Jean d'Orléans, Count of Dunois (23 November 1402 – 24 November 1468), known as the "Bastard of Orléans" (French : bâtard d'Orléans) or simply Jean de Dunois, was a French military leader during the Hundred Years' War who participated in military campaigns with Joan of Arc. His nickname, the "Bastard of Orléans", was a term of higher hierarchy and respect, since it acknowledged him as a first cousin to the king and acting head of a cadet branch of the royal family during his half-brother's captivity. In 1439 he received the county of Dunois from his half-brother Charles, Duke of Orléans, and later king Charles VII made him count of Longueville.
Jean was the illegitimate son of Louis I, Duke of Orléans – son of King Charles V of France – and his mistress Mariette d'Enghien.In 1407, Jean's father, Louis I, Duke of Orléans was assassinated. Eight years later, his half-brother, Charles, Duke of Orléans was captured at the Battle of Agincourt and remained a prisoner of the English for twenty-five years. This left Jean the only adult male to represent the house of Orléans. He was Knight of the Order of the Porcupine.
Jean joined the civil war in France in the time of Charles VI on the side of the Armagnacs, and was captured by the Burgundians in 1418. Released in 1420, he entered the service of the Dauphin Charles, fighting in the Hundred Years' War against English forces. In 1427, Jean, along with Arthur of Richemont and Etienne of Vignolles forced the Earl of Warwick to raise his siege of Montargis.He was wounded, the next year, at the battle of Rouvray. Jean led the French defenses at the siege of Orléans, and together with Joan of Arc relieved the siege. He joined her on the campaigns of 1429 and remained active after her death.
Jean took part in the coronation of Charles VII and in 1436 aided in the recapture of Paris,and in 1439 he was created Count of Dunois. He was prominent in the conquest of Guienne and Normandy in the final years of the Hundred Years War.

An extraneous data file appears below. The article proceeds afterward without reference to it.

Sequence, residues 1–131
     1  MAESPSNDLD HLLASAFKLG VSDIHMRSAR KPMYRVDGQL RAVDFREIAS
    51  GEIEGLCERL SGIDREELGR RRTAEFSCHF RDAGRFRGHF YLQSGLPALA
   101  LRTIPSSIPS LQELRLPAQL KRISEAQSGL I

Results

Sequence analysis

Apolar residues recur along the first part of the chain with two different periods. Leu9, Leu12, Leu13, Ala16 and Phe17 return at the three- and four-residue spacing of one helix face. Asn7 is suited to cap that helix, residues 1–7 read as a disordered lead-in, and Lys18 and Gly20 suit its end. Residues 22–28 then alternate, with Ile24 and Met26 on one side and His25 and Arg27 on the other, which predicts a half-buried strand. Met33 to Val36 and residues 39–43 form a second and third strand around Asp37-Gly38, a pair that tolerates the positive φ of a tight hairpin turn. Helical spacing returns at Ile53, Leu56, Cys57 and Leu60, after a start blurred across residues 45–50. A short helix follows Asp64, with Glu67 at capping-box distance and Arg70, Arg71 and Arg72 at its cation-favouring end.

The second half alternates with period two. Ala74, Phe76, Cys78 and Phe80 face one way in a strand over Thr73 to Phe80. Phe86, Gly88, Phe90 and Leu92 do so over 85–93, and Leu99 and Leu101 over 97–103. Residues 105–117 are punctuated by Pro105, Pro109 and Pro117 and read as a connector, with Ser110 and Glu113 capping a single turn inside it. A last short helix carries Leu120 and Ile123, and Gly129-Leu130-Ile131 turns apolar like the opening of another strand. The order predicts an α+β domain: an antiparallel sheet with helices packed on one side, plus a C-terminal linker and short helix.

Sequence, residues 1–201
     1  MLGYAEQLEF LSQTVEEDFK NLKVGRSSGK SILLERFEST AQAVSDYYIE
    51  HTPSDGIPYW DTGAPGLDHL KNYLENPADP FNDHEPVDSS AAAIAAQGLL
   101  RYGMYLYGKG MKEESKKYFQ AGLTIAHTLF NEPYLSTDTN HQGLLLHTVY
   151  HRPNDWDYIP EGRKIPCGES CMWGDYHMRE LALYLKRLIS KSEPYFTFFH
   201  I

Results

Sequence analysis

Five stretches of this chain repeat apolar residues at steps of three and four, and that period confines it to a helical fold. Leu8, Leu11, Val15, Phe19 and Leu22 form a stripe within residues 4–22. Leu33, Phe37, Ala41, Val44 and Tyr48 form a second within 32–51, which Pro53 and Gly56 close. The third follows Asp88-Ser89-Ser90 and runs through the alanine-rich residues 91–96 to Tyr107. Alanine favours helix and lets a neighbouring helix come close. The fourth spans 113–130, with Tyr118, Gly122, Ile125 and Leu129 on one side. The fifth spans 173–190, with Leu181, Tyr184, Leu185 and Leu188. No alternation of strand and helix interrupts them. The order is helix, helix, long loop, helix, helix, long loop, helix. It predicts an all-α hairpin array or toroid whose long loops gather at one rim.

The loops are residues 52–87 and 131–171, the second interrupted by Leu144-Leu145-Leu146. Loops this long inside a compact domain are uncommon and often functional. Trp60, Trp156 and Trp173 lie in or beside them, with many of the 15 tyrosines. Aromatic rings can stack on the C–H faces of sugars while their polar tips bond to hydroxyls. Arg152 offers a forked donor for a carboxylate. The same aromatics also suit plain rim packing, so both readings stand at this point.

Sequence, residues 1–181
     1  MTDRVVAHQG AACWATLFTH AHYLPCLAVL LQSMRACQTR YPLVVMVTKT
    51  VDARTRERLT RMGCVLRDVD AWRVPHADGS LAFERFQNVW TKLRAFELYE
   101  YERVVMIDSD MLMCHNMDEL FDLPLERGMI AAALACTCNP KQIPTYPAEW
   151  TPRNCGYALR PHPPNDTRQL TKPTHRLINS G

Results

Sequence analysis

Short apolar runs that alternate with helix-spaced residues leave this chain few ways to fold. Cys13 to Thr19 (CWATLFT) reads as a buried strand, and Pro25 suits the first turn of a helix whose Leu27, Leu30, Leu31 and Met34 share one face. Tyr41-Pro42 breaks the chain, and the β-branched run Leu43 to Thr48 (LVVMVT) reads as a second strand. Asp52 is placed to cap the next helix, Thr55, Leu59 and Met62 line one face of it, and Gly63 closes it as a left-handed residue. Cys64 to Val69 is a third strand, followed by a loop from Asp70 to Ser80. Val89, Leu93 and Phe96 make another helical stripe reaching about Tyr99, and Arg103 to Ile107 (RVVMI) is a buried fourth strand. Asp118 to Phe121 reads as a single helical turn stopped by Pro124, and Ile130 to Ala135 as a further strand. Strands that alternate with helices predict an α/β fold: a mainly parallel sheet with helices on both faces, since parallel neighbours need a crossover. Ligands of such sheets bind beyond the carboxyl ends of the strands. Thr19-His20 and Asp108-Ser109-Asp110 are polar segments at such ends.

Jean participated in the Praguerie against Charles VII and was a leader of the League of the Public Weal against King Louis XI in 1465, but each time he regained favor at court.
He married Marie Louvet (d. 1426) in April 1422 at Bourges,by whom he had no children.
He married a second time to Marie of Harcourt (d. 1464),Lady of Parthenay 26 October 1439 and had four children:
Ludovico I or Louis I was Duke of Savoy from 1440 until his death in 1465.
Philip III was Duke of Burgundy from 1419 until his death. He was a member of a cadet line of the Valois dynasty, to which all 15th-century kings of France belonged. During his reign, the Burgundian State reached the apex of its prosperity and prestige, and became a leading centre of the arts. Philip is known historically for his administrative reforms, his patronage of Flemish artists such as van Eyck and Franco-Flemish composers such as Gilles Binchois, and perhaps most significantly the seizure of Joan of Arc, whom Philip ransomed to the English after his soldiers captured her, resulting in her trial and eventual execution. In political affairs, he alternated between alliances with the English and the French in an attempt to improve his dynasty's powerbase. Additionally, as ruler of Flanders, Brabant, Limburg, Artois, Hainaut, Holland, Luxembourg, Zeeland, Friesland and Namur, he played an important role in the history of the Low Countries.
Louis I of Orléans was Duke of Orléans from 1392 to his death. He was also Duke of Touraine (1386–1392), Count of Valois (1386?–1406) Blois (1397–1407), Angoulême (1404–1407), Périgord (1400–1407) and Soissons (1404–07).
Étienne de Vignolles, Sieur de Montmorillon, Chatelain de Longueville, also known as La Hire, was a French military commander during the Hundred Years' War.
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John II of Alençon was a French nobleman. He succeeded his father as Duke of Alençon and Count of Perche as a minor in 1415, after the latter's death at the Battle of Agincourt. He is best known as a general in the Last Phase of the Hundred Years' War and for his role as a comrade-in-arms of Joan of Arc.
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Mariette d'Enghien, née Yolande d'Enghien, was a French noble, mistress of the French prince Louis d'Orleans, brother of King Charles VI.
Louis I d'Orléans, Duke of Longueville, was a French aristocrat and general, Grand Chamberlain of France and governor of Provence.
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Count of Longueville is a French noble title, whose holder had the fiefdom of the County of Longueville. The County was erected into a Duchy in 1505.
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